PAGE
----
Pennsylvania and now Utah are joining other Republican-run states that have decided to say yes to the expansion of Medicaid under the Affordable Care Act after all, after obstinately deciding to say no after the Supreme Court effectively made expansion optional more than two years ago.
It makes perfect sense. As I’ve described repeatedly (see Texas cuts off its nose to spite its face… and On Medicaid expansion, poor states are subsidizing rich ones) refusing Medicaid expansion is self-defeating for a state. With elections coming up in November, some Republican leaders have realized it might be self-defeating for them in a very personal sense!
All of this is treated as news, but fact is it was predictable at the time, and in fact it was predicted right here on the Health Business Blog. The only surprise is that it’s taking this long. I discussed the ruling with Dan Mendelson, CEO of Avalere Health on June 29, 2012, the day after the Supreme Court’s decision. Here’s how the discussion went:
Williams: So does [the ruling] mean that there will be a hodgepodge with some states doing the expansion and some not, or is it more nuanced than that?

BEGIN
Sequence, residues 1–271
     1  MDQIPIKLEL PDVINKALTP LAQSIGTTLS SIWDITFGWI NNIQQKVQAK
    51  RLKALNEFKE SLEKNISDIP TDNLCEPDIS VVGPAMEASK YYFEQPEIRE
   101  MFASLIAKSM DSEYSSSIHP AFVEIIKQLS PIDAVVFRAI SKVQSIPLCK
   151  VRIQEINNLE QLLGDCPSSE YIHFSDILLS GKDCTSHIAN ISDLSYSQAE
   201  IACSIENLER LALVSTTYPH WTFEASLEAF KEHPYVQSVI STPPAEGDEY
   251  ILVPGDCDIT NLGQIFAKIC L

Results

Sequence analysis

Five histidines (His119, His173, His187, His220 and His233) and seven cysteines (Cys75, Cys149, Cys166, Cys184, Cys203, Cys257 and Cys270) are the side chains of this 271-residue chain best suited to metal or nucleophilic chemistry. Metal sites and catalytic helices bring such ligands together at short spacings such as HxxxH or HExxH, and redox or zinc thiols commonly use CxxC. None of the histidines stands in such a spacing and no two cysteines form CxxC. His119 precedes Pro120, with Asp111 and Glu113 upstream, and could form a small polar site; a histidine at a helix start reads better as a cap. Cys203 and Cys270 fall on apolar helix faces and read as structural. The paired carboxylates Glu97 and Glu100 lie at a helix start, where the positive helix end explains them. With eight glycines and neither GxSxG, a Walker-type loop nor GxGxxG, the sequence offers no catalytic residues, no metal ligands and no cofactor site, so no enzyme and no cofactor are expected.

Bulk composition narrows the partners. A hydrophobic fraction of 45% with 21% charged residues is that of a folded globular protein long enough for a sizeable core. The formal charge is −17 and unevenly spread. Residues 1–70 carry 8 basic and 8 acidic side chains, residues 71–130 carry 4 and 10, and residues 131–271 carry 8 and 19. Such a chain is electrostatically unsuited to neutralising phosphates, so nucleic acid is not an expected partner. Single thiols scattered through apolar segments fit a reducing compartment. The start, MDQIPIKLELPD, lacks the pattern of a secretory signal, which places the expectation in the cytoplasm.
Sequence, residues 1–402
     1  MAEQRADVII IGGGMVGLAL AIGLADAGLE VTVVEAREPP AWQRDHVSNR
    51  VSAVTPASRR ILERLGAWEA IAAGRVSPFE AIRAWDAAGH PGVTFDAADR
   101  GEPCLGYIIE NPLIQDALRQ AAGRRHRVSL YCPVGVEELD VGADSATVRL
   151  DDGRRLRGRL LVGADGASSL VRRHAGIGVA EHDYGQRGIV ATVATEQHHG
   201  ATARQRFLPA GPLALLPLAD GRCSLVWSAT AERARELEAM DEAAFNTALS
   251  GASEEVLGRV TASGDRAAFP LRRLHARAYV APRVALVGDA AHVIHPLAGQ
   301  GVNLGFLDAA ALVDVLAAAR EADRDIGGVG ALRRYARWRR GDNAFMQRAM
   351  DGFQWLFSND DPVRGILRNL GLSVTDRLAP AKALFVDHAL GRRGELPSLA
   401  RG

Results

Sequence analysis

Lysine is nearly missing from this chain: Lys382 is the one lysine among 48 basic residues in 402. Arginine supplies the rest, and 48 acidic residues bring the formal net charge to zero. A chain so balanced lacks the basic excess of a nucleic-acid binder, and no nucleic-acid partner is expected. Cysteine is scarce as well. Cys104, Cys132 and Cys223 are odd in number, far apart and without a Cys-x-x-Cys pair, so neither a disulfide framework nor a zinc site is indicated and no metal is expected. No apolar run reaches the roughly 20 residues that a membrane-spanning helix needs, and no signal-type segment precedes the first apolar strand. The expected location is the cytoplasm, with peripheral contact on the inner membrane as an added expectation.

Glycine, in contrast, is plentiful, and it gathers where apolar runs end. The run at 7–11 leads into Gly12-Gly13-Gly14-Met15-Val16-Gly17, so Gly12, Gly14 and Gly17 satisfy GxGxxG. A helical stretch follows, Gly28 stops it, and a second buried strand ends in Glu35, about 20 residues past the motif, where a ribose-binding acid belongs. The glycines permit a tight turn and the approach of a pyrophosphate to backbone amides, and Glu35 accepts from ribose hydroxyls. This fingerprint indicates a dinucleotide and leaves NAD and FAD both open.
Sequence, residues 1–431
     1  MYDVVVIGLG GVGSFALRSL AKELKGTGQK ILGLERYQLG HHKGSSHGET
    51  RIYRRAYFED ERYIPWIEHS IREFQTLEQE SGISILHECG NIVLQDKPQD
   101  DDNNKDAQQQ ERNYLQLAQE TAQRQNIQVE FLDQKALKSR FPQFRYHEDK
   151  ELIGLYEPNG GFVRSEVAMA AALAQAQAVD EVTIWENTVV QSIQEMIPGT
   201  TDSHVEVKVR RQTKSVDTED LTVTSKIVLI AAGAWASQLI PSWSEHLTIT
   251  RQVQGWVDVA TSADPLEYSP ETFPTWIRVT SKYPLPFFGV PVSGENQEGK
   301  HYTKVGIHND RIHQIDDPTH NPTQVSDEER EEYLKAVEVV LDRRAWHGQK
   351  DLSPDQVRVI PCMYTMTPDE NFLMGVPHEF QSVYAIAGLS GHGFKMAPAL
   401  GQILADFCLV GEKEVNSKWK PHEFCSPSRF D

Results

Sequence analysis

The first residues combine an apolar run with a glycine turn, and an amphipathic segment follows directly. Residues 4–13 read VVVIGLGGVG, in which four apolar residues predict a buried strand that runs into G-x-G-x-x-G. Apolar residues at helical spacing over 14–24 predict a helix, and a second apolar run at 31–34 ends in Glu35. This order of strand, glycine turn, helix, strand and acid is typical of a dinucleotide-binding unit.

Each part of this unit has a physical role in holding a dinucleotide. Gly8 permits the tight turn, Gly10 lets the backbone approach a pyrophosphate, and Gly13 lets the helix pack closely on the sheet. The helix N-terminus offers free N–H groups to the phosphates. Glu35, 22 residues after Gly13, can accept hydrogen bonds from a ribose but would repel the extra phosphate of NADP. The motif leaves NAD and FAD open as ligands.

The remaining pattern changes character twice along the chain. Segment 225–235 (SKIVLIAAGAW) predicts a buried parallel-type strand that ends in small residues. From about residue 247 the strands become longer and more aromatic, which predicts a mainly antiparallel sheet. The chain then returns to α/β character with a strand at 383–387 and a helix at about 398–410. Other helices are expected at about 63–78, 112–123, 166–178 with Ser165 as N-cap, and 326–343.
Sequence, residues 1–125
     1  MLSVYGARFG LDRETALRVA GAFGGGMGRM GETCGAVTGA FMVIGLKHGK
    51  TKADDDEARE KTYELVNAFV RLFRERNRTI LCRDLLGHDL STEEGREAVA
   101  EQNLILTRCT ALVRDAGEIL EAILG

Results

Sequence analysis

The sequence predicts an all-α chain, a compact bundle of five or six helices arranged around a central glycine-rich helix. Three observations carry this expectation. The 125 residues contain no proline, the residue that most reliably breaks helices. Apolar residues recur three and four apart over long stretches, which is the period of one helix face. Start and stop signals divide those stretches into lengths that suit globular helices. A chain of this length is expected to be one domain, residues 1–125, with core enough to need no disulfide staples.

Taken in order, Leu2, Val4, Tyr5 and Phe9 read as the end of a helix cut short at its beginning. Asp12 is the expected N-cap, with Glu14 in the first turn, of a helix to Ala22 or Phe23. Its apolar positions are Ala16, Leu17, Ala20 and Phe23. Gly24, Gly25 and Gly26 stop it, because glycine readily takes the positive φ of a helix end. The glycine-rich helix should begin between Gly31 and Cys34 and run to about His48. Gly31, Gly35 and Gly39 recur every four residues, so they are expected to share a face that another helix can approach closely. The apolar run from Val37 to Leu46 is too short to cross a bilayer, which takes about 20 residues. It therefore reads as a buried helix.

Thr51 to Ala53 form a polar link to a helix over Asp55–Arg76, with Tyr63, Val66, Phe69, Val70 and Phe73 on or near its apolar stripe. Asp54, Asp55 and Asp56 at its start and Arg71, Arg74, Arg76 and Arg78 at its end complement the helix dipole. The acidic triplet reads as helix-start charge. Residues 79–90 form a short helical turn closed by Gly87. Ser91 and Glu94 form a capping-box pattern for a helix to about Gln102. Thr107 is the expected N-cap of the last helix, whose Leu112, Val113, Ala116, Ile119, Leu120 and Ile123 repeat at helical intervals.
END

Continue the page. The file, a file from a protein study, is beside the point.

Mendelson: I think in reality most states, or I would even venture a guess that all states will be compelled to take the expansion, because remember that the federal government pays for the entire expansion until 2017 and then thereafter the subsidy rate is around 90%, so you’d really have to be a rogue state to refuse that.
Or put slightly differently, if you’re the governor of the state, how are you going to stand up in front of your electorate and say, ‘I’m not going to cover people near poverty because I’m worried about the out-year liability that we might incur, and therefore I’m going to turn down the federal government’s largesse.’ I think it would be very difficult for a state to do that.
Williams: So essentially the Court was saying that a stick should come out of the hands of the federal government, but the fact that the Affordable Care Act includes pretty significant carrots, it means that from a practical standpoint this is not a lot of change?
Mendelson: That’s right, and that’s how we did the Children’s Health Insurance Program back in ’97 and ’98. There was a generous subsidy that was put on the table and the states decided that they wanted to cover children or that they had to cover children and it wasn’t long before 50 states had adopted that expansion.
And I think that in this case as well, it is quite likely that unless someone really wants to make an unabashed political statement that states will go ahead and cover these folks who are near poverty.
So far the South is solid in its rejection of Medicaid expansion, except for Arkansas. Look for that to change in 2015, even if the GOP takes the Senate.